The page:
Part 10 of series: Choosing a Church: Some Recommendations
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From a biblical point of view, when a person enters into a relationship with Jesus Christ through faith, that person also becomes a member of the body of Christ, the interconnected network of all believers in Jesus. Each member of the Christ’s body is expected to invest deeply in the lives of others, both receiving and giving care, prayer, and love.
Many churches provide contexts in which you can experience this sort of thing in reality. Unfortunately, many churches do not. They have bought into the non-biblical vision of the church as a provider of services. Consumers (read “church members”) come to church for what they need: inspiration, hope, teaching, etc. They may choose to chip in to help pay for these provisions, or they may not. But, at any rate, when they’re done getting their needs met, they leave and go about their business until another need for the church arises.
This vision of church life is often embodied in many of a church’s core realities. Consider, for example, the design of the classic church sanctuary. Whether we’re talking about a giant cathedral or a small country chapel, this classic design includes a stage on which the action occurs (called a chancel or altar). There are seats for the audience (called pews for the congregation), so they can see what’s happening on the stage. The seats are designed to facilitate face-forward observation and little else. The main door into the sanctuary opens onto the street, so people can come from the world into the sanctuary, observe and receive, and then go back out into the world with minimal interaction with others. This is not only thought to be okay, it is encouraged by the very architecture of thousands of church buildings. (Photo: On the contrary, when we designed our sanctuary at Irvine Presbyterian Church, we intentionally made the entrance contiguous to the patio. One could not enter or exit the church without passing through the folks on the patio.)
Of course you can find churches with sanctuary doors opening to the interior of the church campus where genuine fellowship is hard to find. And you can find churches with traditional architecture in which you’ll quickly be folded into genuine fellowship. The main point isn’t the architecture, but rather the reality of genuine fellowship and the existence of many points of entry for new people. Some churches do pretty well with the members-caring-for-each other idea, but they make it difficult for new people to join the relational network. You need a church in which genuine fellowship is present and you can join in.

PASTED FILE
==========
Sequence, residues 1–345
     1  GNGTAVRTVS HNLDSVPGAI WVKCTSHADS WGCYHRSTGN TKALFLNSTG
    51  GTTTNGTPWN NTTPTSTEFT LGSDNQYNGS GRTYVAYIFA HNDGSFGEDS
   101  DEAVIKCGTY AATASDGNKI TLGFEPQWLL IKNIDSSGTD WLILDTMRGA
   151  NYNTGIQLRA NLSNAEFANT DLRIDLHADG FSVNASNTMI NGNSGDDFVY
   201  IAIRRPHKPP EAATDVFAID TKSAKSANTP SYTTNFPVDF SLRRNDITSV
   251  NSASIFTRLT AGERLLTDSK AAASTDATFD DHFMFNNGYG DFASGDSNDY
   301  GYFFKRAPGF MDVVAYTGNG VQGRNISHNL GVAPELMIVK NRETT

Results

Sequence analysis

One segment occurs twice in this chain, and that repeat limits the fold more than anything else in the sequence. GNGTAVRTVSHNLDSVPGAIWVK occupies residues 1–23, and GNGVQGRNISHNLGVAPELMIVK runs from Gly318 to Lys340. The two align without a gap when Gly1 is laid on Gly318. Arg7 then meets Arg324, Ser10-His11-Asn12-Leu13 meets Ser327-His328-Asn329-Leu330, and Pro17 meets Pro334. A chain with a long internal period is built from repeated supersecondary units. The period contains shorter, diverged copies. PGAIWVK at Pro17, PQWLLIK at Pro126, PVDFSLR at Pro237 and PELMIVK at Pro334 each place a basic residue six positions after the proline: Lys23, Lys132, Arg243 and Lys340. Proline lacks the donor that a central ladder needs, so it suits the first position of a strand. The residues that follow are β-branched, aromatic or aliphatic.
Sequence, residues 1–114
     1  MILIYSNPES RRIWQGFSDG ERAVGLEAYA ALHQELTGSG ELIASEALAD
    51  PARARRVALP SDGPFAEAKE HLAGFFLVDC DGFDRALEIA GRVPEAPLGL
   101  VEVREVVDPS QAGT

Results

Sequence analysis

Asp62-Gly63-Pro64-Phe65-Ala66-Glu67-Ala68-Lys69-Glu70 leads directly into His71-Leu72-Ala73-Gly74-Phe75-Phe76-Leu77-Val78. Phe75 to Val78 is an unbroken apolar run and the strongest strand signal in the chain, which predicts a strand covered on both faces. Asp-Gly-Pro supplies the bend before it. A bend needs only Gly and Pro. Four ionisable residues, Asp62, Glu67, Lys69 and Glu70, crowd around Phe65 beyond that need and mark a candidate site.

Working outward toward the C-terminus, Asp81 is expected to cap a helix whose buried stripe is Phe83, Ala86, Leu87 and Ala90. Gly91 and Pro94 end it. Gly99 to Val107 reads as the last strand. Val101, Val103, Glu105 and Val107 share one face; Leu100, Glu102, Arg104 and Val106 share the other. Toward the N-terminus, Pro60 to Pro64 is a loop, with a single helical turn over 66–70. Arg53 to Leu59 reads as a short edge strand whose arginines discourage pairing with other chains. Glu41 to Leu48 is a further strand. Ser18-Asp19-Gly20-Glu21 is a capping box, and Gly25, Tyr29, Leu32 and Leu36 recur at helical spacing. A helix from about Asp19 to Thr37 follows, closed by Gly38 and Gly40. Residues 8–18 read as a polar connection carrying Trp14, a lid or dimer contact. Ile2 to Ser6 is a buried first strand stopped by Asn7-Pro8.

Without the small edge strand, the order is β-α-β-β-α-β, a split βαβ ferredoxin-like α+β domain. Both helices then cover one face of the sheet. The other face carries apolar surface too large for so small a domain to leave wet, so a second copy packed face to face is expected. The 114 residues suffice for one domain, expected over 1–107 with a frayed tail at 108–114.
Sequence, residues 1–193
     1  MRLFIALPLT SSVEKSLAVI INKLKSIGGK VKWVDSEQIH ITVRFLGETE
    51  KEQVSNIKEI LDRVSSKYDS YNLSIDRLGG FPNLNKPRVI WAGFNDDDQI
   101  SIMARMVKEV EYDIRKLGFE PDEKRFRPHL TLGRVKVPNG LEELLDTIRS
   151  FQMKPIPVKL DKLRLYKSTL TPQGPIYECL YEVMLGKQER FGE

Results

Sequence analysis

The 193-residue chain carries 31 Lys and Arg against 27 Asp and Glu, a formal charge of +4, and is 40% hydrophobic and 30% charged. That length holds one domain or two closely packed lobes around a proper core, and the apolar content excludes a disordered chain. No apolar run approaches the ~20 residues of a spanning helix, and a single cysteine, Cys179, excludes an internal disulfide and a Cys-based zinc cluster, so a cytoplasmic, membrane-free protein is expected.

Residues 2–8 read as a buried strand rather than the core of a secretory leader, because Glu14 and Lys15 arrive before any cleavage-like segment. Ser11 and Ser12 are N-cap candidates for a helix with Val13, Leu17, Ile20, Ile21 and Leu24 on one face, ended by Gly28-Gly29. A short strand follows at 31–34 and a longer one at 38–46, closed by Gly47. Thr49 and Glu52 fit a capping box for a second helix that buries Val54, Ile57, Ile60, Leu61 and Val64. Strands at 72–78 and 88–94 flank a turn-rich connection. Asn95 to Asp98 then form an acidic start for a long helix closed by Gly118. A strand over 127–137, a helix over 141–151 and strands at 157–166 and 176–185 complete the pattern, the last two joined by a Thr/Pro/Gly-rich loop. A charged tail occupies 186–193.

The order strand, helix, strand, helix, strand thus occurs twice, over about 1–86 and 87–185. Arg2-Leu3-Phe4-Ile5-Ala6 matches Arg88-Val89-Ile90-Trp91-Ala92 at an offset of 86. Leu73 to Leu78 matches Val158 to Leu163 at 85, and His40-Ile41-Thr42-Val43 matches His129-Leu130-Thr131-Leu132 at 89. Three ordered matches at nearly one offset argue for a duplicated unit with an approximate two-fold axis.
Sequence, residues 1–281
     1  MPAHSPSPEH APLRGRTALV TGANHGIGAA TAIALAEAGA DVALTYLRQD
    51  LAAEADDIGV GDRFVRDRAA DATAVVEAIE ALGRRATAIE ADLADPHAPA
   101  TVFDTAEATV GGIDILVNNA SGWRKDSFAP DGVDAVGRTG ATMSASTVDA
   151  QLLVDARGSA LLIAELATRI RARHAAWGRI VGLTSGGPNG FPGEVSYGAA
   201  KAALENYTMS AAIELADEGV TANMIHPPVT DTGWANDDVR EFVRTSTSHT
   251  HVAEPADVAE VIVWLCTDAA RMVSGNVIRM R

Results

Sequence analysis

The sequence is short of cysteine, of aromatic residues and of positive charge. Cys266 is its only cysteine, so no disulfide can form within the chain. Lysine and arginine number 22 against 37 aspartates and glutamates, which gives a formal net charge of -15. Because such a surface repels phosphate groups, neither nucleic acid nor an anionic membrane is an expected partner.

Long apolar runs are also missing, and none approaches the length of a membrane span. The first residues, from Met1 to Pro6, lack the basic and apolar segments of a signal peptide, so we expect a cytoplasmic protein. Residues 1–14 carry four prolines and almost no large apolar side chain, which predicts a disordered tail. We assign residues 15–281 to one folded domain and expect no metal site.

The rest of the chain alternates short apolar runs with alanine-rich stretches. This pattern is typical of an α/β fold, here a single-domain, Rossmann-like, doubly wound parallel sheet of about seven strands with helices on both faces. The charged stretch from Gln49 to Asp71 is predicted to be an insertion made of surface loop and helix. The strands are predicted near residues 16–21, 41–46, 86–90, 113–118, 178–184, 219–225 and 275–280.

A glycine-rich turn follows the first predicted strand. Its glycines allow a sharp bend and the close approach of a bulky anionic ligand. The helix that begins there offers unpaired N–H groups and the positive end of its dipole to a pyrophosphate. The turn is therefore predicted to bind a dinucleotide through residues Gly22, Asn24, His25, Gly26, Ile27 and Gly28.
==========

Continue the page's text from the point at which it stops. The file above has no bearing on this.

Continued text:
In small churches, you may be able to become an active part of the community simply by showing up at all-church events (worship services, potlucks, mission projects, etc.). In most churches, however, and especially in large churches, genuine Christian fellowship necessarily happens in smaller groups (classes, covenant groups, prayer groups, mission groups, etc.).
Let me emphasize that genuine Christian fellowship isn’t just friendly handshakes and greetings on the patio after church. It necessarily involves a much deeper sharing of life. It requires a context in which “If one member suffers, all suffer together with it; if one member is honored, all rejoice together with it” (1 Cor 12:26). This sort of thing requires intimacy, longevity, and mutual commitment.
So, when you’re looking for a church, I’d encourage you to examine online and printed information for evidence of ample contexts for genuine fellowship. Are there Bible studies? Men’s groups? Women’s groups? Prayer groups? Sunday classes? Midweek gatherings? etc. etc. etc. If so, then you may have found a church where you can become involved in true fellowship. Try out some of these groups to see if you might fit there. Your experience of the people in the church will help you discern whether they are welcoming of new people, and therefore will be eager to include you in their fellowship.